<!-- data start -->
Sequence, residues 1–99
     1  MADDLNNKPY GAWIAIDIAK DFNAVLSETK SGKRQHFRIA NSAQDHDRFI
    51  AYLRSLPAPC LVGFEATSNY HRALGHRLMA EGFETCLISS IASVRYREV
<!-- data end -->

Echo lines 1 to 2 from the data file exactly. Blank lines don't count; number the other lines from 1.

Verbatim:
Sequence, residues 1–99
     1  MADDLNNKPY GAWIAIDIAK DFNAVLSETK SGKRQHFRIA NSAQDHDRFI